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  • individual 401k question

    I'm relatively new to financial planning/investing and really wish I would have known about this site when I was an attending before going back to fellowship...I'm just soaking it all in right now.

    Anyways, I am going over my taxes now and realized that my (very small) side job of reviewing insurance claims in paid on a 1099.

    Should I set up an individual 401k for this? I anticipate only getting 10-20k/year from this. It's my understanding that I can now deduct anything that would have to do with work for this, right? And then to figure out how much I can put in would depend on how much my employer puts in my 401k through them?

    For those who have an individual 401k, do you have it through vanguard?

     

    Thank you! This is an amazing resource!

  • #2
    Seems like just the right amount to write off. You can go through whoever you like, lots of people here love vanguard.

     

    You're the employer in the second scenario as well as the employee. You just need to brush up on the rules, I think WCI has a post about this, and make sure you categorize your contributions correctly to maximize your benefit.

    Comment


    • #3
      It's too late to set up a 401k for 2015, but you can get around that. Here's what you need to do:

      • Set up a SEP IRA for 2015 (you have until 10/15/16) and contribute the max. The rules say 25%, but it's technically less because you have to reduce it by your 1/2 of the Medicare tax + your contribution. Your tax prep software should be able to calculate the max contribution for you.

      • Set up a SOLO 401k for 2016. You will not use the SEP going forward as you are changing to the solo-k.

      • Roll your SEP into a SOLO 401k.

      • For 2016 forward, your direct (employee) contribution will be reduced by your employee contribution at your W2 job. If you max out, then you will still be limited to 25%. The reason to have the 401k, however, is that you will retain the ability to contribute to a Roth via the "back door".


      As to deductions, you cannot deduct "...anything that would have to do with work for this...". Expenses that are a result of your W2 job are not deductible on your schedule C for your SE income. However, some expenses, such as licensing and CE, can be prorated.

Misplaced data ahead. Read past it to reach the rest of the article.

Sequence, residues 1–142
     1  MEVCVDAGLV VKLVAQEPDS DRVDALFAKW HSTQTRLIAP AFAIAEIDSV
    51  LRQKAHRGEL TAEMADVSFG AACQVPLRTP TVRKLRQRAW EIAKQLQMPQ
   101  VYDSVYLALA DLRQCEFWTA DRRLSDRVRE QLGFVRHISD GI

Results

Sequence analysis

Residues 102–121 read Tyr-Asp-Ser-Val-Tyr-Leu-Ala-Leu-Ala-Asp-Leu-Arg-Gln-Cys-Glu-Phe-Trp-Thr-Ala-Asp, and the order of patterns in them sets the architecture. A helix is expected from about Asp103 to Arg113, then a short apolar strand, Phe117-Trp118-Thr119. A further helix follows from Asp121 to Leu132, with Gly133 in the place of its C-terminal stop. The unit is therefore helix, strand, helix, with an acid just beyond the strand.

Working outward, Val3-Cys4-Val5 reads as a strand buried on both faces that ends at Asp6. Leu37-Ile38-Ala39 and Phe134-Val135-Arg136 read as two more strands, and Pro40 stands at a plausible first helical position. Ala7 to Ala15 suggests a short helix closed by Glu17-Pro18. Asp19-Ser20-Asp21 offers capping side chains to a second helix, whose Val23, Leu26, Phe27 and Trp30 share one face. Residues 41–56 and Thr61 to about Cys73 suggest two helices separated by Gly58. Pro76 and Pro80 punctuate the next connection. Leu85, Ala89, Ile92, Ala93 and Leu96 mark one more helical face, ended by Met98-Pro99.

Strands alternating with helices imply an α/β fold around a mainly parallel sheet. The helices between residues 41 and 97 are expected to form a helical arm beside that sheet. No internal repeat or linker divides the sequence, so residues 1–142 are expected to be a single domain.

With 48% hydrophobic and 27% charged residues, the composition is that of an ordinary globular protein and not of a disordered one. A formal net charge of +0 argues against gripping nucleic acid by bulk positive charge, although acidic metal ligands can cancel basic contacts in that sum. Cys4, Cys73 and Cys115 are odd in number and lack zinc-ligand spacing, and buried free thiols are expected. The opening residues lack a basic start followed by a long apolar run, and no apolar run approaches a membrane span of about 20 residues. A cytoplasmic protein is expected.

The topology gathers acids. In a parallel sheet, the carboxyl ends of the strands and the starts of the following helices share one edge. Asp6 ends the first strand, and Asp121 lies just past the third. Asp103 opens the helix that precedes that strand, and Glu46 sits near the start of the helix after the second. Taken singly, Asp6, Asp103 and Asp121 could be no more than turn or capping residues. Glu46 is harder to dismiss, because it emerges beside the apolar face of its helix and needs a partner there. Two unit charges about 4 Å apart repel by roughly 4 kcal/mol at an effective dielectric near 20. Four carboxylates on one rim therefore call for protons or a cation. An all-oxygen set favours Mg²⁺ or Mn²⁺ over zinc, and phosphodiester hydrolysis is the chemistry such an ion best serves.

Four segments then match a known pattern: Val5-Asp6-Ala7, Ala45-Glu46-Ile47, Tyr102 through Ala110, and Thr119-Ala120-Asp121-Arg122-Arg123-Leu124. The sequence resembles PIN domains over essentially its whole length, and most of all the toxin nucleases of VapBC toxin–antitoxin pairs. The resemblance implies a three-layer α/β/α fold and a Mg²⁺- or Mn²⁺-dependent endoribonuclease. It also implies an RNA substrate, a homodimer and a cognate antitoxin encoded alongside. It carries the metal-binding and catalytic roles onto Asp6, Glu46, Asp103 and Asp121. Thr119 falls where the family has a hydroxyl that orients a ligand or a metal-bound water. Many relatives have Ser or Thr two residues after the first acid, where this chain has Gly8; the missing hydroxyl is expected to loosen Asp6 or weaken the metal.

Working to protect good doctors from bad advisors. Fox & Co CPAs, Fox & Co Wealth Mgmt. 270-247-6087

      Comment


      • #4




        I’m relatively new to financial planning/investing and really wish I would have known about this site when I was an attending before going back to fellowship…I’m just soaking it all in right now.

        Anyways, I am going over my taxes now and realized that my (very small) side job of reviewing insurance claims in paid on a 1099.

        Should I set up an individual 401k for this? I anticipate only getting 10-20k/year from this. It’s my understanding that I can now deduct anything that would have to do with work for this, right? And then to figure out how much I can put in would depend on how much my employer puts in my 401k through them?

        For those who have an individual 401k, do you have it through vanguard?

         

        Thank you! This is an amazing resource!
        Click to expand...


        Yes, you can deduct certain business expenses, but exactly how you go about doing that is something that your accountant should assist you with as it requires some experience to implement, and making mistakes would not be a good idea.

        Your solo 401k contribution is related to your net business profit.  One important point is that if your W2 401k does not have good investments, you might want to make a portion of the salary deferral (up to $18k for both plans) into your solo 401k, and ~20% of your net profit on top of that. Just make sure that between the two 401k plans you have no more than $18k in salary deferral.